Destinations, Travel Tips

Ancient Ruins in Europe

No Comments 06 November 2015

Check out the Ancient Ruins in Europe and decide your plan.

Visegrad, Pest County, Hungary

Visegrad, a city on the Danube in Hungary, is home to the small, but impressively fortified Visegrad Castle. It absolutely was engineered by King Bela IV, but destroyed after raids by the Turks. Today, the ruins of the castle are open to the public.Visegrad Castle

The Castle of St. Hilarion, Northern Cyprus

Perched atop a mountain in the Kyrenia range, the Castle of St. Hilarion is one of the foremost dramatic ancient ruins of Europe. The castle isn’t named after the Palestinian monk St. Hilarion the Great, but after another saint of the same name. The castle dates to the 11th century. The interiors of the castle are fascinating to walk through, and the view of the Mediterranean outside, unbelievable.

Ephesus, Asian Turkey

Ephesus was a Greek town on the Ionian coast of Asian Turkey that was inhabited for 500 years, starting in the 10th century BC. Unlike the other ruins on this list, Ephesus may be a whole town. The ruins contain dozens of temples, fountains, libraries and streets, all preserved in spectacular shape. The amphitheater, especially, was glarge enough to be comparable to a small, modern stadium.

Pula, Croatia

Pula is an ancient waterfront city in Croatia. It has a rich heritage of ancient construction: temples, arches, amphitheaters and gates dating to the Middle Ages and even prehistoric times. From the Pula Arena and the Chapel of Mary Formosa to the Pula Amphitheater, the city has some of the finest ancient ruins you are likely to encounter anywhere.Pula Croatia

The Plovdiv Roman Theatre, Bulgaria

The Plovdiv Roman Theatre, an ancient amphitheater that dates back to 100 AD, is a ruin that isn’t well-known outside of Plovdiv, the second largest city of Bulgaria. With 28 rows of marble seats arranged in horseshoe formation and a three-story stage building, Plovdiv was one of the best-built theaters of its time. After repeated incidents of severe damage over its history, the theater, today, has been beautifully restored. Hosting performances each night, the Plovdiv Roman Theatre is in demand once again, probably as it was millennia ago.


Image by Réka M. Varga,rejflinger,archer10 Under Creative Common License.

 

Travel Tips

Important Wetlands in the World

No Comments 23 May 2015

Wetlands are found in almost every region of the world and are considered the most biologically diverse of all ecosystems. They provide habitat for a great number of water and land species. They are also an important environment to many migratory bird species. Types of wetlands include swamps, bogs, marshes and estuaries. An overview of some the most important wetlands in the world.

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Camargue

The Camargue encompasses the Rhone River delta in the southeast of France. Approximately a third of the Camargue is either lakes or marshland. It is one of the best places in Europe for bird watching. Its brine ponds provide one of the few European habitats for the greater flamingo. It is also famous for the Camargue Bull and the Camargue Horse.

Wasur National Park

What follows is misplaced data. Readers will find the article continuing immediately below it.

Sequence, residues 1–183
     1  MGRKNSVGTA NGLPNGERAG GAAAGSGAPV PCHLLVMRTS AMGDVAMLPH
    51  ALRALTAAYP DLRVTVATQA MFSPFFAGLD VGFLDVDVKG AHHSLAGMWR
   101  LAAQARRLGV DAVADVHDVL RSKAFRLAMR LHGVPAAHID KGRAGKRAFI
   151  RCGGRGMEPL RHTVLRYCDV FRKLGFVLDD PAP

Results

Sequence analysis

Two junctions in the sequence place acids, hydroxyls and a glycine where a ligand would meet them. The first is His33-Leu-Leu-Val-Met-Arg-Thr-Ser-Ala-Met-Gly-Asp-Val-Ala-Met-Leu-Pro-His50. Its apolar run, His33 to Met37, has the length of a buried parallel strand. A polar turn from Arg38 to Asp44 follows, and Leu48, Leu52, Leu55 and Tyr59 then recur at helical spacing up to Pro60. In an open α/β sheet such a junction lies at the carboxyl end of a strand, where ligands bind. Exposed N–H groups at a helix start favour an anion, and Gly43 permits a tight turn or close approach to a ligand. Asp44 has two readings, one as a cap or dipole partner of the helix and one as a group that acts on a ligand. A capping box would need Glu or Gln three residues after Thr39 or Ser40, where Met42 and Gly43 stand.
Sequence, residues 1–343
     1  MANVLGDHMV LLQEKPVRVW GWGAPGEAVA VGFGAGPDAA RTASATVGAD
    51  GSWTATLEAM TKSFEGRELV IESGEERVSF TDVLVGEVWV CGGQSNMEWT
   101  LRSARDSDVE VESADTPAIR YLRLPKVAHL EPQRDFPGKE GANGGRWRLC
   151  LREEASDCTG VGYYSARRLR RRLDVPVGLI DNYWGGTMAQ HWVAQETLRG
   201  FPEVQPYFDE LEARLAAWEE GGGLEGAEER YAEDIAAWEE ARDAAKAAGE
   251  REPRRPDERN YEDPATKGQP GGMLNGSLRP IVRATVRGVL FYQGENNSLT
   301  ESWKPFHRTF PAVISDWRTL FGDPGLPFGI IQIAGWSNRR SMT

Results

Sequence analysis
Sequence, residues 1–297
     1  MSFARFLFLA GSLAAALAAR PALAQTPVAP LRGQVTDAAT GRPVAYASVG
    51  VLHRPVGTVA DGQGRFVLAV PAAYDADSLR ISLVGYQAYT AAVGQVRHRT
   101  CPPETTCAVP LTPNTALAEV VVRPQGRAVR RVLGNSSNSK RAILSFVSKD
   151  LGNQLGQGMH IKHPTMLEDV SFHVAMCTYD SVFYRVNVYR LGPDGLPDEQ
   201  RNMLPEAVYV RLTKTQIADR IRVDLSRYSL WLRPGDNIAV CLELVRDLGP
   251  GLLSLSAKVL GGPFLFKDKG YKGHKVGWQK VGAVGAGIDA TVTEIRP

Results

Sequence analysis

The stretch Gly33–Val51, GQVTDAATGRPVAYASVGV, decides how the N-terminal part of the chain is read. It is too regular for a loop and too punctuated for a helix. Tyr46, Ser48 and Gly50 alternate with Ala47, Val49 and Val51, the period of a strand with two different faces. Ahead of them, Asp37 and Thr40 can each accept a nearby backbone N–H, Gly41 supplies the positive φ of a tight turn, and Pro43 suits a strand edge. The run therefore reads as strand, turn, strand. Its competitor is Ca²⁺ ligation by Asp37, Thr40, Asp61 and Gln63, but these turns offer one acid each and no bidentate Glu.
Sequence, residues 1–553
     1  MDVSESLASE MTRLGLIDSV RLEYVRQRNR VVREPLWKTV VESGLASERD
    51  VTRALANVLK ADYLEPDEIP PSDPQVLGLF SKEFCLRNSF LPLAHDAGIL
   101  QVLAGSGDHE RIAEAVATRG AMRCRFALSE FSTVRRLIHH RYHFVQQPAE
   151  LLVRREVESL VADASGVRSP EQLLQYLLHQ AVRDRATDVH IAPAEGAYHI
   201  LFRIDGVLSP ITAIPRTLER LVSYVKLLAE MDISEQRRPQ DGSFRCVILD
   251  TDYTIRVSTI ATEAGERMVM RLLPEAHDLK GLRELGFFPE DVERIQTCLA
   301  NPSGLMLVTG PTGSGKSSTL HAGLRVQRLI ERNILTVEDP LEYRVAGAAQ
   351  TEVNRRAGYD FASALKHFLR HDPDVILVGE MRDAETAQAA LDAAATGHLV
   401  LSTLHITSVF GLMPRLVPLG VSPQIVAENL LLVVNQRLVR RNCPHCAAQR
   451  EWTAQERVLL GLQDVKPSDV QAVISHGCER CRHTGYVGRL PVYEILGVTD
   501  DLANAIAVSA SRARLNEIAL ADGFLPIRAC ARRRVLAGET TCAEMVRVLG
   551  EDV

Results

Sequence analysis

Wasur National Park is a massive wetland region in the Indonesian province of Papua, on the island of New Guinea. Dubbed the Serengeti of Papua owing to its incredible biodiversity, Wasur National Park maintains a large number of rare animals and birds. The best place for spotting wildlife in Wasur National Park is Rawa Biru Lake, which is part of the wetlands. There are many water fowl species and migrant birds here along with cassowaries and wallabies. Unfortunately the park natural flooded grassland systems are threatened by the invasion of alien species such as water hyacinth and mimosa pigra.

iSimangaliso Wetland Park

The iSimangaliso Wetland Park, is one of the most diverse region in South Africa’s KwaZulu-Natal province. iSimangaliso is well known for its extensive wetlands, sand dunes, beaches and coral reefs. Animals occurring on the park include elephants, leopard, black and white rhino, buffalo, and in the ocean, whales, dolphins, and marine turtles.

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Mekong Delta

The Mekong Delta is the region in southern Vietnam where the Mekong River approaches and empties into the sea. It is a very rich and lush area, covered with rice fields, that produces about half of the total of Vietnam’s agricultural output. Subsequently, life in the Mekong Delta revolves much around the river, and all the villages are often accessible by river rather than by road.

Kakadu Wetlands

Kakadu National Park is a diverse park about half the size of Switzerland located in the Northern Territory of Australia. The park’s wetlands provide one of the best wildlife viewing opportunities. The freshwater and saltwater crocodiles sleep on the banks of the many rivers and billabongs for most of the day but can also be seen floating or swimming in the water. One of Kakadu’s best known landmarks is the Yellow Water billabong. Located near the small settlement of Cooinda, Yellow Water is home to crocodiles, wild horses, buffalo and other wildlife. The billabong, which floods to join other waterways during the tropical season, also attracts millions of migratory birds each year.


Image by SaffyHpallab sethpallab seth under CC License.

 


Hi, I'm Naady...

Experiencing all that life and the world has to offer is something I am extremely passionate about and I strive to see as much as I can and do as much as I can. Whether it’s the food, the drinks, the historical buildings or the beautiful beaches. Read More...

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